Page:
Jesus’ Final Week: TUESDAY
Jesus Final Week: TUESDAY
The Authority of Jesus Questioned (Matt. 21:23-27; Mark 11:27-33; Luke 20:1-8)
“On one of the days while He was teaching the people in the temple and preaching the gospel, the chief priests and the scribes with the elders confronted Him, 2 and they spoke, saying to Him, “Tell us by what authority You are doing these things, or who is the one who gave You this authority?” (Luke 20:1-2 NASB)
This was just one of those instance where Jewish religious leaders wanted to trap Jesus hoping to find fault in his words so they can establish a case against him. Jesus did not answer the question directly. Instead, he tossed the question back to the Jewish religious leaders putting them in a dilemma. Jesus’ question concerns the authority of John the Baptist. “I will also ask you a question, and you tell Me: Was the baptism of John from heaven or from men?” (Luke 20:3 NASB)
If they gave him a correct answer to his question, they would have the answer to their own question. If they acknowledged that John was sent by God, they will be blamed for not believing in him. If they denied that John was sent by God, the people will get mad at them. So they answered that they did not know where it came from. As a result they cannot force Jesus to answer their question. They failed again!
Jesus teaches in the Temple (Matt. 21:28-23:39; Mark 12:1-44; Luke 20:9-21:4)
The conflict between Jesus and the Jewish religious leaders was heating up at this point to the extent they plotted to kill him. Jesus taught a series of lessons as a response to the questions of the religious leaders. He told a parable of the vineyard which pictured Israel as a vineyard and is about to be given out to others (Luke 20:9-18).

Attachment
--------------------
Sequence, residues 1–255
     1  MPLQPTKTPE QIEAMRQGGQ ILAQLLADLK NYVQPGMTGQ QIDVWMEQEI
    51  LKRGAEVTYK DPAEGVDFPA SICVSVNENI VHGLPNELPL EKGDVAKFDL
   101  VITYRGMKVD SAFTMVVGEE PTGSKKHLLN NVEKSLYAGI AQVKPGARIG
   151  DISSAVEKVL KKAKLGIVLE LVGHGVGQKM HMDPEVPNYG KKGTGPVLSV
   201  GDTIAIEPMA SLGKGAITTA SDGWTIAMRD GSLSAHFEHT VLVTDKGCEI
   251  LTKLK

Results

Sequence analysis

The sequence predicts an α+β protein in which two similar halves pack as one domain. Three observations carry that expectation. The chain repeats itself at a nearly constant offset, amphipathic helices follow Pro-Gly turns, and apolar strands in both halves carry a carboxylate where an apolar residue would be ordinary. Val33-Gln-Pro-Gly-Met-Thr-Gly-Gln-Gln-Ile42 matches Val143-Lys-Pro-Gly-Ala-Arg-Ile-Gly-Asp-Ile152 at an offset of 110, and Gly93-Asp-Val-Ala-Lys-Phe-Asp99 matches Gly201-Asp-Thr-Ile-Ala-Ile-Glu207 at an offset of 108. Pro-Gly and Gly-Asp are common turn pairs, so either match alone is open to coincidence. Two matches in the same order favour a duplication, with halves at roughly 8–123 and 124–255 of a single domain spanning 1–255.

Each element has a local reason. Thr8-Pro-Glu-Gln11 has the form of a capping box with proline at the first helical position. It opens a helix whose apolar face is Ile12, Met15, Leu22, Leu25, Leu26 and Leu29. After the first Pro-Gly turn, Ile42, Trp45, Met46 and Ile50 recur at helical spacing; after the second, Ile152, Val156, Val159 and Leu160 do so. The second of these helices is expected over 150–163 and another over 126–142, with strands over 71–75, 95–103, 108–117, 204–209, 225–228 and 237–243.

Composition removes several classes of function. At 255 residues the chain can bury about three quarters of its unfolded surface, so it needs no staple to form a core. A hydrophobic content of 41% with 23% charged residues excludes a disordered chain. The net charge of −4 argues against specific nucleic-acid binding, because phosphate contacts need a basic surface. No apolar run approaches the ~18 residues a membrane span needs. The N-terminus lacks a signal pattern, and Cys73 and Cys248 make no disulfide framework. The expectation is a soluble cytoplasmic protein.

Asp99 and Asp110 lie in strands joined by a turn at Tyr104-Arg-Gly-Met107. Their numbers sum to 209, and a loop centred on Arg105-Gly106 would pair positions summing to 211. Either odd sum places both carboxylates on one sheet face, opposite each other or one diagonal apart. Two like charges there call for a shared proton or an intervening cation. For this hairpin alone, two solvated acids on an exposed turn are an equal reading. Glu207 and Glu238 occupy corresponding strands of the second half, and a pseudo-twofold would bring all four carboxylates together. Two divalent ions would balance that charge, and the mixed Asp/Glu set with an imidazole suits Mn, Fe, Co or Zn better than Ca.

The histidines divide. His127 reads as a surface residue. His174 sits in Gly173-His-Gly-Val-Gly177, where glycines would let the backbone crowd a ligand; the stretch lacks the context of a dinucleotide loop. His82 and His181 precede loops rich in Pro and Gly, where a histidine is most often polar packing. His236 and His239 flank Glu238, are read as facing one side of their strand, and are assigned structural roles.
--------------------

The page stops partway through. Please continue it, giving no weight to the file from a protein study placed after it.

Another trap is set before Jesus by two groups who were willing to join forces to find fault in Jesus – the Herodians and the Pharisees. They asked him concerning paying taxes probably, to test his allegiance to the Jews or to Rome. Jesus replied that duty to God and duty to civil authorities are not in opposition. People owe to each a debt for the services and benefits they receive. They should give to civil authorities that which is due to them, and give to God all that they owe him. (Bridgeway)
The next group who tried to trap Jesus was the Sadducees who do not believe in the resurrection (Luke 20:27-40). The question put by the Sadducees was about resurrection using a dubious situation, who would be a widow’s husband in heaven if she had seven husbands when she was alive. It was intended to make fun of Jesus since Sadducees do not believe in life after death.
Jesus replied that their question is of no meaning since the laws only applied to those who are still living. Life after death is not a continuation of the life lived on earth. To prove that the resurrection is true, Jesus gave an example concerning God’s relationship with Abraham, Isaac and Jacob long after they are dead as recorded in the Scripture that is being read by the Sadducees.
The question put by Jesus’ opponents were non-sense so Jesus put to them what was really important – their concept of the Messiah. He used the Messianic Psalm (Psalm 110) to show that David recognized and even gave homage to the Messiah. The Messiah was from David’s lineage however, He is not just human but a divine person as well (Luke 20:41-44).
This section ends with Jesus exposing once more the attitude of the Pharisees and the Scribes (Luke 20:45-47). Instead of easing the people’s burdens, they imposed laws and ‘dogmas’ that made people’s lives more burdensome. And worse is, since they don’t believe in Jesus, they prevent people from believing as well.
Jesus Anointed, Bethany (Matt. 26:6-13; Mark 14:3-9; John 12:2-11)
Jesus returned to the house of Mary, Martha and Lazarus. Mary sensing that it could probably be the last time they would be with Jesus, washed his feet with expensive perfume and wiping them with her hair.
Judas reacted but Jesus replied saying, “Let her alone, so that she may keep it for the day of My burial. For you always have the poor with you, but you do not always have Me.” (John 12:7-8 NASB).
The Jewish religious leaders were aware that the raising of Lazarus attracted many followers so they became more determine to kill Jesus (John 12:9-11)
These events showed that the conflict between Jesus and the religious leaders was heating up and would eventually lead to his passion and death.
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